Plan for today: sort to-do list so I can get organised (in other words, I have a lot of little time-consuming things to do which MUST be done today); piano lesson; revisions to my book.

Oh, and here are a couple of arty pics I took in the car last night on the way home – 15-second exposures on the ‘starry sky’ setting (yeah, yeah – I know I should’ve bought a proper SLR to give me manual control over the exposure time – but point-and-shoot suits me better right now). The first is the M25 and the second is the M11.

Friday, November 23, 2007


Current work: fiction and nonfiction
Listening to: Mozart

Those of you who were concerned about Fred’s owner yesterday will no doubt be pleased to hear that Fred has been found – even better, he’s dry and not muddy! Klepto-dog had wandered into the spare room (he's also nosey as well as a shoe/teddy thief) and left Fred among the ironing. (And no, of course I didn’t discover Fred while tackling the Ironing Everest. It was a search, not a penance...)

Very productive day yesterday. Started with a trip to the Norfolk & Norwich Association for the Blind to take a pic of the founder’s statue – they were really, really kind and helpful. Then to see my contact at the Norfolk Records’ Society to pick up a book or two I’d ordered. (All right. So there were four. They were research material. As were the three books that arrived in the post yesterday. Now, books are not frivolous purchases – they are the necessary tools of an author, yes?) (Rhetorical question. Of course they are. Necessary, I mean, not frivolous.) Then to the city, where I finished the research I needed to do on HVV and took the pics I needed of printed woodcuts (many years out of copyright, I should add – I am particular about not breaching copyright. Apart from the fact it’s against the law, it’s morally wrong).

Then I did some of the last bits of Christmas shopping (which leaves me six people to sort out, plus DH and the kids), bought my Christmas cards (will tackle them in batches), and came home to a seriously noisy environment. The smoke detector kept beeping (it’s wired into the mains so if the electric goes off it beeps every few seconds), and someone’s house alarm was clearly the type that was triggered by electricity going off and was screeching permanently. I could hear it even with the hearing aid off, so I dropped off the shopping, made a fuss of Klepto-dog (who practically glued himself to me – ‘Mummeeeee, I am so neglected’ – he’s used to me being around all day. And he’s one of the reasons why I can’t ever go back to a ratrace job, because I can’t let my lovely boy go into a sad decline). Met the kids from school and took them Sainsbury’s café – a) because it’s nearer than the city and b) the electricity wasn’t due back on until 4.30 and the noise was unbearable.

Two of my missing Amazon orders turned up today (phew); and I also had something nice from my lovely, lovely publisher. And a set of proofs. And a set of revisions. So I’m going to be a busy bunny over the next few days, especially as I’m out on Sunday at my sister’s.

Thursday, November 22, 2007

butter wouldn’t melt…

Current work: fiction and nonfiction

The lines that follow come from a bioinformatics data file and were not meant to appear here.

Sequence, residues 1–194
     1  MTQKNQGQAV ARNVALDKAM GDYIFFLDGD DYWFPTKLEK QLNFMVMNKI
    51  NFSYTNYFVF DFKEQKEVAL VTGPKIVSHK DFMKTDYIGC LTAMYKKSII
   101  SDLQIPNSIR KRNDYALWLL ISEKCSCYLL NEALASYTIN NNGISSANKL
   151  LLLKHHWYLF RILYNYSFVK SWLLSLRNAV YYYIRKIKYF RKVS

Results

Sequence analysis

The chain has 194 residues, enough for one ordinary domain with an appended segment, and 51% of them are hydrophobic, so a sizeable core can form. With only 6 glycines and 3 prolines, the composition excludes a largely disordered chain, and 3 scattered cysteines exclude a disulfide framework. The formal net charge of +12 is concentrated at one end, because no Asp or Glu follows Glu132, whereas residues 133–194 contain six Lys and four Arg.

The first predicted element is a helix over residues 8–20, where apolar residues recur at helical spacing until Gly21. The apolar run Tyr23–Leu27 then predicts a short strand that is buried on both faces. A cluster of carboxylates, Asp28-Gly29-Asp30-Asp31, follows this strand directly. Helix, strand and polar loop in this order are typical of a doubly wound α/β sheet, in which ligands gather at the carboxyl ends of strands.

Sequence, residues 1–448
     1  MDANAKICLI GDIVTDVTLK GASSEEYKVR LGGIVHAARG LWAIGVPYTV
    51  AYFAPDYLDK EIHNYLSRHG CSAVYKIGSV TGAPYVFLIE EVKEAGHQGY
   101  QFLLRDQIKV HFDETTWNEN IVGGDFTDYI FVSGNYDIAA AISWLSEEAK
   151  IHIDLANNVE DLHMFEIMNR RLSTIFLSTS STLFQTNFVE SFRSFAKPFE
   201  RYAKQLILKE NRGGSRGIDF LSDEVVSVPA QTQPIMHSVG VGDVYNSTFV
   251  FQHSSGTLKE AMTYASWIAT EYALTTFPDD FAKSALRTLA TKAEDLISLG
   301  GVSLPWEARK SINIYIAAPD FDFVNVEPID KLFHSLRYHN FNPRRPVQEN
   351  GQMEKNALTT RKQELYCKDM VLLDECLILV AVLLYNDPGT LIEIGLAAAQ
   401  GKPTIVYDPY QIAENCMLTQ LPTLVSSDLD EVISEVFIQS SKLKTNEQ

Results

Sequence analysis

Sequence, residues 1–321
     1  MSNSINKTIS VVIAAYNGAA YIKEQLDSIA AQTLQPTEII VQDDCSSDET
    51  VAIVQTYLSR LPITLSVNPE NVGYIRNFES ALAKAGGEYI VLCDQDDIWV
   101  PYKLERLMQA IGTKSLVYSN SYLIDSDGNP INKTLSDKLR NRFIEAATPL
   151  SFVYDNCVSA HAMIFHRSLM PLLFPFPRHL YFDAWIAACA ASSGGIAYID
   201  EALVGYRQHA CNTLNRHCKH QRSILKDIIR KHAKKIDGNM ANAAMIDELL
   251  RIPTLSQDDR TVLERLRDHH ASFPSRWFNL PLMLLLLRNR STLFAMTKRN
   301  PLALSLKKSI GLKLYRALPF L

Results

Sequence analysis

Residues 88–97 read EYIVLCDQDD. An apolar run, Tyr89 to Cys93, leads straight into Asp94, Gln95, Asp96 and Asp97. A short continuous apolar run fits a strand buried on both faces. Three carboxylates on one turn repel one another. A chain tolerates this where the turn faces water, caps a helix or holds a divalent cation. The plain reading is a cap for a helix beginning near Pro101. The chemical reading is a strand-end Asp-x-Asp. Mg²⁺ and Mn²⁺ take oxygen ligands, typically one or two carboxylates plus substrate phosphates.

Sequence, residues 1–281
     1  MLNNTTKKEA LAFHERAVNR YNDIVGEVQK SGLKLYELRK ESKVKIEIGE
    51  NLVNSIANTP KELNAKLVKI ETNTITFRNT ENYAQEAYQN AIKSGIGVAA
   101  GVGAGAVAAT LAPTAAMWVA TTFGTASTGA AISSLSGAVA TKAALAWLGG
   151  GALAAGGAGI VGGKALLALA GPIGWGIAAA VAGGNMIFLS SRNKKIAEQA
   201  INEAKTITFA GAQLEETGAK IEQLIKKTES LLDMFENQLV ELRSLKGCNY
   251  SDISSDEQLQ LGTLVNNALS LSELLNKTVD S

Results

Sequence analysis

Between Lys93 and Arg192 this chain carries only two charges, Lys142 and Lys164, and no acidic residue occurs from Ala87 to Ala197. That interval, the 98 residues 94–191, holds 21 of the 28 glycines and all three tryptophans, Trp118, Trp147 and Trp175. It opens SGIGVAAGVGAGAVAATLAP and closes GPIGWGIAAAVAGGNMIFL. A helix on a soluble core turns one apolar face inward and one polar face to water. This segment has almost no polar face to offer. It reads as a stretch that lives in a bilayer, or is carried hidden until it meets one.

Listening to: Suzanne Vega

This dog looks sweet and innocent, right?


This is Klepto-dog.

A dog who steals shoes – doesn’t chew them, just pinches one of a pair, cuddles it for a while, then leaves it somewhere and the owner has to spend ages searching for said shoe. Often it turns up at the bottom of the garden, behind the apple tree, where it’s been left overnight in the rain. (If it’s one of my shoes he is in DEEP trouble as I only possess three pairs of shoes, and two of them have high heels and are therefore unsuitable for driving and the school run.)

But on Tuesday night he went a step too far. He stole Fred. Fred is a teddy whose owner cannot sleep without him – and Fred is irreplaceable because, in his owner’s words, ‘I’ve had Fred ever since I was born…’ (Cue wobbly bottom lip.) I tried offering a substitute (which was rejected); I’ve turned the house upside down and Fred is still missing… and I can’t search for him today as I’m out taking pics for the book/picking up books/working in the library while our electricity is off for the day. Sigh.

Wednesday, November 21, 2007


I don’t usually post political rants but this particular case deserves one. I’m not sure what shocks me more:

  • The fact that the government has lost 2 CD-roms containing the names, addresses and date of birth of every child in the country, along with their parents’/guardians’/carers bank account and National Insurance details
  • The fact that it has been missing FOR A MONTH and the public is only told about it now (it happened on 18 October and the Met Police weren’t involved until 14 November – and apparently it was agreed that ‘remedial action’ should be taken before a public statement was made yesterday. Hmm – should that not have been made quite a lot earlier? It’s possible to communicate bad news without panicking people, as long as you explain what’s happened and what they need to do now. Not difficult - and they still haven't done that properly)
  • The fact that the government uses CD-roms rather than downloading the data through a secure link